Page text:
Tuesday, January 06, 2015


There have been brunch protests. They involve black people and non-black allies going into posh brunch places, speaking for a few minutes, then leaving. (From the video I saw, it's approximately as disruptive to brunch as when a live band suddenly starts playing at a coffee shop. No waffles, it seems, were harmed.) Gawker commenters are discussing whether the place anti-racists really want to target is upscale NY restaurants, whose patrons are (the commenters' assumption, ahem, not mine) progressives, and not the predominantly white, working-class establishments where one might (again, paraphrasing the commenters) find racists, cops, racist cops. That line of argument... makes me very pro-protesters.

Because when I first saw something about this, I wasn't sure - it sounded like hipster performance art. Hating brunch is cool, not because brunch is racist, but because it is - for lack of a better term - basic. I mean, this even comes up in an early episode of "Girls" - the Lena Dunham character is assuring her (also-white) on-again off-again dude that she doesn't want a guy to take to brunch.

But taking a broader view, the percentage of people avoiding brunch because they think they're above it is tiny in comparison to those who are avoiding it because it's expensive, because they have to work when it's brunch time (perhaps... at a brunch-serving establishment), because they have family responsibilities, because it's not a thing in their neighborhood, etc. The demographic brunching at these places... the Gawker commenters don't quite have it right. It's not that the customers aren't racist - it's that they probably aren't resentment-racists. It's a safe assumption that they're of the demographic that identifies neither with a young black man shot by the cops nor with the cops.

Protesting at brunch - and not, as the Gawker commenters suggest, a white working-class hangout - is a way of challenging the all-too-common view that systematic racism is upheld by the white people who, all told, benefit the least from (again, for lack of a better term) white privilege. Rather than addressing the GOP set, these protestors are talking to the GOOP crowd. Doesn't seem like a bad idea.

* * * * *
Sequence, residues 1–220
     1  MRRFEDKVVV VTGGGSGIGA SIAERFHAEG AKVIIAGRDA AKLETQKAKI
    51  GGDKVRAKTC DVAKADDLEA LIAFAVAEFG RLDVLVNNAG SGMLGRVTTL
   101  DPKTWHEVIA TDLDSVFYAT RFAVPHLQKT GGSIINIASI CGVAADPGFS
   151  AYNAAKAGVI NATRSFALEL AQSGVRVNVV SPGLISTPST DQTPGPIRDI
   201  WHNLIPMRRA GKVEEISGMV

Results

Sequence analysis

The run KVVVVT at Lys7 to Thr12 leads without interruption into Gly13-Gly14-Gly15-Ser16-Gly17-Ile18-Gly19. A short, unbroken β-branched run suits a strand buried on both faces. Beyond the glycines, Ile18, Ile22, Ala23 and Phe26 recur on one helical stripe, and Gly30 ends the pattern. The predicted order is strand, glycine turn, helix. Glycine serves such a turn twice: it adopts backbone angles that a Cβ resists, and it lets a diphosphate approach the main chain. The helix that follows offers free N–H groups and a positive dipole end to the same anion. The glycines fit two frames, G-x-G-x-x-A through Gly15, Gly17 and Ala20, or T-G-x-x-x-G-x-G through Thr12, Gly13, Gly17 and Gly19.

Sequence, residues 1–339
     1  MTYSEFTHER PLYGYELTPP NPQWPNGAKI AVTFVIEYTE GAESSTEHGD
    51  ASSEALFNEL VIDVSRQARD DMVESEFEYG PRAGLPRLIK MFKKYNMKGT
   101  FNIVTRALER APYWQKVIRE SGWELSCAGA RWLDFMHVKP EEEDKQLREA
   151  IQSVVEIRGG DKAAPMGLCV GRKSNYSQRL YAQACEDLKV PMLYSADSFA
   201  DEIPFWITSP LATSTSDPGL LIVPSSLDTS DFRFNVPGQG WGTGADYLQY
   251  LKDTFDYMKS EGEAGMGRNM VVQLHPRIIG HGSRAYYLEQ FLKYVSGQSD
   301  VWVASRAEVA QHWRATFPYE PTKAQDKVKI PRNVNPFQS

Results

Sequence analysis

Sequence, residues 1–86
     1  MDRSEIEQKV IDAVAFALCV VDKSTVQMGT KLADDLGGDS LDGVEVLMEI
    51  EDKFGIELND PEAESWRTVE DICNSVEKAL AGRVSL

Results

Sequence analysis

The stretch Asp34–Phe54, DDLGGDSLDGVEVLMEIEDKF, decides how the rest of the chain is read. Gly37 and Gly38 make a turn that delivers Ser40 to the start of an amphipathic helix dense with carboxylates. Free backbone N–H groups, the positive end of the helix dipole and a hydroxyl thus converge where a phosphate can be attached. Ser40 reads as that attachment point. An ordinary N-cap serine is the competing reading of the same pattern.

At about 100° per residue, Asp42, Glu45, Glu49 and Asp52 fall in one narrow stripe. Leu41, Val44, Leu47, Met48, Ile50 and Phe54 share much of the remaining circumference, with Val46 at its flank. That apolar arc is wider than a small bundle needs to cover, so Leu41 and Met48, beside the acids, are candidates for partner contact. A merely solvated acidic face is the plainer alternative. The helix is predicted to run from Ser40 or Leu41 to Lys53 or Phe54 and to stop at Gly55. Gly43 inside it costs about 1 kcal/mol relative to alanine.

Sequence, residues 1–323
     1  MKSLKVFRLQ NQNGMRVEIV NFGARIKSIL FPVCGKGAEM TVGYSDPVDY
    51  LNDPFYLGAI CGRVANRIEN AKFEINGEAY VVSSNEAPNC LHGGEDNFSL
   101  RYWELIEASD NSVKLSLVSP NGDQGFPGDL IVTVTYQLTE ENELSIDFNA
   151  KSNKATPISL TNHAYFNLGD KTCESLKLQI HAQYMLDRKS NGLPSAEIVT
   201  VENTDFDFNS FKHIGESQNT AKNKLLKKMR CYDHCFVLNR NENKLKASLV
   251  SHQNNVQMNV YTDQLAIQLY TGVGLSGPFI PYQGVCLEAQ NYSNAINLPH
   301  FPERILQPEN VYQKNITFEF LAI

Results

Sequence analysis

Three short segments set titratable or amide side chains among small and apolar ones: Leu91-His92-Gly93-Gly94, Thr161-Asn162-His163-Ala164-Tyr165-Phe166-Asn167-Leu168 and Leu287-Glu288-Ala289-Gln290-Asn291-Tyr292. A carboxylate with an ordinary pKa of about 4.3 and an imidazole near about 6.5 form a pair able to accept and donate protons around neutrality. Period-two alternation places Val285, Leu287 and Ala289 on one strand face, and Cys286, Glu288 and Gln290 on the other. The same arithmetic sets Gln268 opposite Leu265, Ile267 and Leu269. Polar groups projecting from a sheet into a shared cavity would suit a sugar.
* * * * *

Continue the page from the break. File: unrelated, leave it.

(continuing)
Sigivald said...

Seems like a bad idea to me, in that it's pissing people off to no good end.

I'd say the odds of someone in such an establishment being "oh, wow, I now have so much more sympathy for innocent black people oppressed by cops" rather than "this protest is stupid because these people annoyed me and wasted my time and got in my face" round to zero.

I put it firmly in the "makes the protesters feel good, does no good and probably harm" camp.

Which makes it basically like almost all modern protesting.

Phoebe said...

The thing I'm most curious about is which form of pre-modern (or postmodern!) protesting you'd find less objectionable.

In all seriousness, though, protests can be annoying, but that's sort of the point. This one seemed... not all that annoying. A protest that shuts down a major train station, say, may be for an incredibly worthy cause, but is also preventing people from getting to work or caring responsibilities. A protest that destroys a small business... same idea. If the damage is too great, people who support the cause may well end up sympathizing with those trampled in the process. This protest seems, like I say in the post, not all that different from when you go to a coffee shop and discover, just after you've paid, that some (possibly terrible) live music is about to begin. If the whole thing really takes 4 and a half minutes, it's not such a big deal.

And I do think some people will feel a bit squirmy when asked to confront injustice while in the process of enjoying a leisurely, high-end restaurant breakfast. For the remainder of their brunch, they very well might talk about Garner, etc. Not everyone will react the same way, but the people who proudly declare that a few minutes of civil disobedience interrupted their brunch may not be convinced by other means either.